Q: I’ve heard eating certain foods will not only improve my health but also reduce my risk of developing cancer. Which foods should I focus on, and which should I avoid?
THERE COULD BE no more important goal than improving your health, and a great place to start is with your diet. And yes, new research shows that what you eat can affect your risk for developing certain cancers, too. The Harvard T.H. Chan School of Public Health recently released an analysis of 20 studies and
concluded that a high-fibre diet is an important component in helping to reduce the risk of both premenopausal and postmenopausal breast cancers. The research shows that women who ate the most fibre (compared to those who ate the least) were eight percent less likely to develop breast cancer.
Increasing daily fibre intake should be a focus for all of us — the average North American eats only about half the daily recommended amount. And eating a high-fibre diet not only helps reduce your risk of developing cancer but also aids in weight management, lowers cholesterol, stabilizes blood sugar levels and promotes gut health (also known as a healthy microbiome).
Following a plant-based diet is an especially efficient way of increasing your daily fibre intake. Plus, with each bite of brightly coloured fruits and veg, and plenty of legumes, nuts, seeds and whole grains, you’re also getting power-packed phytochemicals
(the compounds that contribute to a plant’s colour, smell and taste, found in all edible plant parts, especially the skin or peel). Research indicates some promising health benefits tied to phytochemicals—as long as they’re consumed in food, rather than supplement, form.
Here are some foods to focus on.
• Carrots, squash, tomatoes and dark leafy greens contain carotenoids, which may inhibit cancer growth and boost immunity.
• Apples, berries, citrus fruits, coffee, onions and soybeans contain flavonoids, which may help fight inflammation and tumour growth.
• Broccoli, Brussels sprouts, cabbage, cauliflower and kale contain indoles, which may help destroy cancercausing chemicals.
• Leafy green vegetables contain lutein, which may reduce the risk of breast cancer and heart disease.
• Apples, citrus fruits and onions contain quercetin, which may help decrease inflammation.
• Cherries, citrus fruits and mangoes contain terpenes, which may help slow cancer cell growth and fight viruses.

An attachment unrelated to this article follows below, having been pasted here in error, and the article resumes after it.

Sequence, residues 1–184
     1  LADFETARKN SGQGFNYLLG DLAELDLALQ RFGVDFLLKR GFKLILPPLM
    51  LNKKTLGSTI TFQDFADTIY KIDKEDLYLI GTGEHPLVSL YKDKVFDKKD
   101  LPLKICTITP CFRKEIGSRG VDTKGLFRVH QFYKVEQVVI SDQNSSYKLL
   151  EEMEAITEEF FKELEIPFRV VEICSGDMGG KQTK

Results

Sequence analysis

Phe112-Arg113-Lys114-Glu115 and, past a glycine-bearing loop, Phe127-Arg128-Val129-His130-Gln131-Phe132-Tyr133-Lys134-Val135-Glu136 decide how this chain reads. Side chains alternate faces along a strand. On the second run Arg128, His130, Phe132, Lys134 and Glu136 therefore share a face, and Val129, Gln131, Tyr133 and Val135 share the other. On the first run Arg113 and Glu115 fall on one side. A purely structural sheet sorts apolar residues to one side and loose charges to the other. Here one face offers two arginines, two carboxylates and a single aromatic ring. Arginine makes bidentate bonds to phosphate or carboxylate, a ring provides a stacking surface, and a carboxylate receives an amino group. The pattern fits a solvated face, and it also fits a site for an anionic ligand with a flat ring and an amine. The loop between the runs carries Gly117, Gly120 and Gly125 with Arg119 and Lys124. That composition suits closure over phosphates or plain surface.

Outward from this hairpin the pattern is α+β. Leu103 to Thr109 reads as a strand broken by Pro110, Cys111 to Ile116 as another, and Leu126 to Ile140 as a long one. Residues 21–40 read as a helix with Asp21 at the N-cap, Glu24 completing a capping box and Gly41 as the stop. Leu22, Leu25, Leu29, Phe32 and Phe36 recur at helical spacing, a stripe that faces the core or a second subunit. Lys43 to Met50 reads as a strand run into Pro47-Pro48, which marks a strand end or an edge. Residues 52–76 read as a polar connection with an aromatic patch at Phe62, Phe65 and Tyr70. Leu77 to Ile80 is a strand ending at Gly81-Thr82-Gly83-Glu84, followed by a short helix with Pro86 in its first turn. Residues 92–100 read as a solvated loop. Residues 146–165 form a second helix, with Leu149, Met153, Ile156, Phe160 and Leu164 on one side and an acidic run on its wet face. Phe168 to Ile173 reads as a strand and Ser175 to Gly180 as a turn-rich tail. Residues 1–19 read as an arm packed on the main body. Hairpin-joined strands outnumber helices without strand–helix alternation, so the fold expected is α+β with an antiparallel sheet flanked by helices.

Here are some foods to avoid.
• Alcohol: Even small amounts of alcohol have been shown to increase the risk of developing cancer.
• Red meat: A high intake of red meat may increase the risk of certain cancers. Limit red meat to one serving per week, and aim for at least one meat-free day per week (hello, meatless Monday!).
• Deep-fried or grilled foods: Highheat cooking methods such as grilling, barbecuing and frying create harmful carcinogenic chemicals. Avoid burnt toast, and charred meats and vegetables. Cut off and throw away any charred portions.
• Ultra-processed and prepared foods: These are almost always low in nutrients and high in added salt, sugar, food additives, preservatives, sweeteners and unhealthy fats. They wreak havoc on the body by promoting inflammation (which increases the risk for developing chronic diseases, including cancer.) Avoid artificially sweetened beverages; boxed meals like macaroni and cheese, and taco kits; sugary cereals; microwaveable foods; processed deli meats and hot dogs containing nitrates; and pre-made pizza.
• Sugars and refined carbohydrates: Added sugars promote chronic inflammation in the body. Avoid high-sugar breakfast cereals, store-bought cookies and cakes, candy, energy drinks, flavoured yogourts, fruit punch or juice “cocktails” or “beverages,” salad dressings and soda or pop.
Aim for five to nine servings of fruits and vegetables daily, including legumes, nuts and seeds, to ensure you’re getting enough fibre, phytochemicals, vitamins, minerals and protein from plant sources — while also getting protein and nutrients from a limited amount of animal products. At every meal, fill two-thirds of your plate with plant foods, and the remaining one-third with fish, skinless poultry or meat, or dairy. Aim to limit red meat, and avoid processed meat. Ensure your meals are colourful and full of variety, as this will help provide your body with the key nutrients, phytochemicals and natural inflammation-fighting compounds required for optimal health. And, best of all, you’ll feel fantastic.
“The average North American eats only about half the daily recommended amount of fibre.”